Immigrants imprisoned in immigration facilities across the country face health conditions and often have chronic illnesses that would expose them to greater risk with COVID-19, a new University of California, Davis, study suggests.
"The research is clear: immigration detention is not only unnecessary for facilitating a just immigration system, but also causes extensive harm to detained people, perhaps especially to those facing chronic health conditions," said the study's lead author, Caitlin Patler, professor of sociology. "This is particularly alarming in the context of the COVID-19 pandemic. The government must act quickly to permanently reduce reliance on this overly punitive and systematically unjust practice."
The study was published earlier this month in the Journal of Immigrant and Minority Health.
"Even beyond the context of the COVID-19 pandemic, immigration detention harms people's health by disrupting the continuity of their medical care," added the study's co-author, Altaf Saadi, a neurologist at Massachusetts General Hospital and Harvard Medical School. "The vast majority of people have a stable place to stay and would be able to receive better health care if not detained."
The report cites the May 2020 death of Carlos Ernesto Escobar Mejia, the first person in ICE custody to die from COVID-19. "Health and legal professional have raised alarm that many detainees may be similarly imperiled by COVID-19 infection [in detention]," authors wrote.
Researchers looked at health data of more than 500 people detained in 2013-14 by U.S. Immigration and Customs Enforcement, or ICE, at hundreds of facilities across California. This data is the only publicly available health information for ICE detainees. Researchers said the detainees' health conditions are likely similar to a current population.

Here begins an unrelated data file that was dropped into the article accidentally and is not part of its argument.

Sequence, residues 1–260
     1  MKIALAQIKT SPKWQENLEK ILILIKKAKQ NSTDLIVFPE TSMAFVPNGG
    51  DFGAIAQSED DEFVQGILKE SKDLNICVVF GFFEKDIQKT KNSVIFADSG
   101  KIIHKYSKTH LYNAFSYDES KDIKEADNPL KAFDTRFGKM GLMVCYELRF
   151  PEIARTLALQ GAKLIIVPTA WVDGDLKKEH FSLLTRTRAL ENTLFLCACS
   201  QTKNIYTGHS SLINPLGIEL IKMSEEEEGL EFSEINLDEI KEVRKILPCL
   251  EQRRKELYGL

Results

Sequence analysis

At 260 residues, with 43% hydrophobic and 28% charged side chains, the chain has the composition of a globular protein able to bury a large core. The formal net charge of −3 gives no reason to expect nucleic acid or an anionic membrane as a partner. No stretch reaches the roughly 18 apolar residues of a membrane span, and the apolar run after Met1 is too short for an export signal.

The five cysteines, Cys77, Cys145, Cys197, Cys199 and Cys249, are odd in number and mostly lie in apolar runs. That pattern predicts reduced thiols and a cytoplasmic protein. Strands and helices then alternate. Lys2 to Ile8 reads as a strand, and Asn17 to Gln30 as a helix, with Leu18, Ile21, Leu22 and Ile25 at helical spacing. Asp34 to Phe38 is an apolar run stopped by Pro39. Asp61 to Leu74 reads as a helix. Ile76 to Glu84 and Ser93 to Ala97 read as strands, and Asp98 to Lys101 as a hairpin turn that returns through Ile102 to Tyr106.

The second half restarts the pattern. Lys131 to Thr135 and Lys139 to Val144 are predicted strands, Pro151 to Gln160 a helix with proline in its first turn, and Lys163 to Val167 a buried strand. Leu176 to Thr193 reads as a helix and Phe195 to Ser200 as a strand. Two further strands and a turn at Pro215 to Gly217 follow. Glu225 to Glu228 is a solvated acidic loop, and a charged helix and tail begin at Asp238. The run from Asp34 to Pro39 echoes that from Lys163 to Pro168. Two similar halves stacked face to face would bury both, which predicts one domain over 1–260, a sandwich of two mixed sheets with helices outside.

Of the individuals detained in 2013-14, at least 42 percent had at least one chronic condition, combined with other health issues, and additionally face disruption in care upon entering the facility.
The vast majority, or 95.6 percent, reported having access to stable housing in the country.
"Even one chronic condition can increase risk for severe consequences from COVID-19," the authors said. One study of COVID-19 patients, they said, revealed that more than 80 percent had more than one underlying medical condition. These risks are heightened if health conditions are not adequately managed and there is disruption of pre-existing health care because they are incarcerated, researchers said.
"...Decision-makers must consider every available option to mandate release from the congregate setting of detention centers in which social distancing is almost impossible even under ideal conditions," researchers concluded in their study. "Release can be easily facilitated through existing Alternatives to Detention (ATD) programs in which individuals can be released to their families and communities as they continue with their immigration legal proceedings."
Link to the full paper here: https://doi.org/10.1007/s10903-021-01173-z
Journal of Immigrant and Minority Health